Recently, a friend wrote wondering what effect I thought the Y2K computer bug and the looming twenty-first century "...fraught with 'what if's...'" might have on the market for the more traditional type of artwork she and I both paint. It's an interesting question and I must confess, one I'd not considered at all. Her thesis seems to revolve around the tendency of people, in uncertain times, to gravitate toward gold, other hard assets, and collectibles. What she suggests is, of course, a proven fact of economic life. The only question arising at this point centers on whether we are, in fact, living in times any more uncertain than normal. With the economy booming like it is, there's a tendency to think, this CAN'T go on forever. What goes UP must come DOWN. We grew up riding an economic roller coaster, is there any reason to think we're not STILL riding it? Let me answer that question by asking another. We grew up with Polio, smallpox vaccinations, whooping cough, and Elvis Presley. Is there any reason to think any of these things will return? Aside from Armageddon, I don't THINK so. Call me an optimist if you like, but we have, through scientific analysis, study, and some plain dumb luck, overcome many human scourges. I'm of the opinion that we (meaning Greenspan and the Federal Reserve) may now have overcome that of the boom-bust economic cycle, if not the Depression mentality that once drove it.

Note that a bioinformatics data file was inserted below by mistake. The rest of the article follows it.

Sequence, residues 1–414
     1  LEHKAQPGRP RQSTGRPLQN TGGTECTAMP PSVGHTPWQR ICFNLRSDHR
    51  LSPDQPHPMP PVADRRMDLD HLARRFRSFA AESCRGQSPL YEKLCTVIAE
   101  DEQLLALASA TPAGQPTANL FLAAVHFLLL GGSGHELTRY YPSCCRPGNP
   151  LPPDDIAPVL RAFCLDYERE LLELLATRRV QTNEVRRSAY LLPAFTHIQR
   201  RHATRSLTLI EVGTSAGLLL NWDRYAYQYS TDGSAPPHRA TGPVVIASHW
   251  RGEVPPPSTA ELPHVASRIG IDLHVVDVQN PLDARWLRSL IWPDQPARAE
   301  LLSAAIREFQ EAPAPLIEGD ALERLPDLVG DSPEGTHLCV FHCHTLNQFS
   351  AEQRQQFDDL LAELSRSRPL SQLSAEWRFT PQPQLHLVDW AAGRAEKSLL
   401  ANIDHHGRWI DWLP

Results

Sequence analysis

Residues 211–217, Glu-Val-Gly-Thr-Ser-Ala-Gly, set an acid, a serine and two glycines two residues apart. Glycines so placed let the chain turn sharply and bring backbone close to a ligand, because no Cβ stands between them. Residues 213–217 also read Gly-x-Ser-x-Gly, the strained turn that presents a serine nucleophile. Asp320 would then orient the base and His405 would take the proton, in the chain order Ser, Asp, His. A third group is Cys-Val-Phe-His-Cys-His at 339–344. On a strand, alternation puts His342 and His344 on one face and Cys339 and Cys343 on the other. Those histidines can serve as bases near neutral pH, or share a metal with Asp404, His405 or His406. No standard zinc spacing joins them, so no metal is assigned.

People have been moving toward traditional art for years (as many of us well know) and I don't see that changing anytime soon except in how that art is marketed and delivered. I see e-commerce and digitalization of all art as being the wave of the future. As for Y2K, this phenomena may well be the most over-hyped, worry-wart, money-grubbing, case of electronic blackmail ever purpetrated against mankind. I'm sure the problem WAS serious and that serious efforts have and ARE being made to correct the most serious deficiencies in our electronic infrastructure.
Beyond that, everything else amounts to scare tactics on the part of those who have something to gain by alarming the computer nerds and the right-wing survivalist amongst us who don't trust their next door neighbors, much less their bankers, bakers, brokers, or bureaucrats. It's a phenomena tailor-made for the paranoid who, now largely free of threats from the Red menace and nuclear war, need something else to help them rationalize their basic insecurities. Frankly I see art as having little to do with such fears in that most such individuals are only interested in SURVIVAL rather than those human traits which motivate people to collect art or decorate their interior environment. To my way of thinking, there are ENOUGH people out there trying to squeeze a buck out of this whole Y2K brouhaha, what we DON'T need is artists trying to milk it to death as well.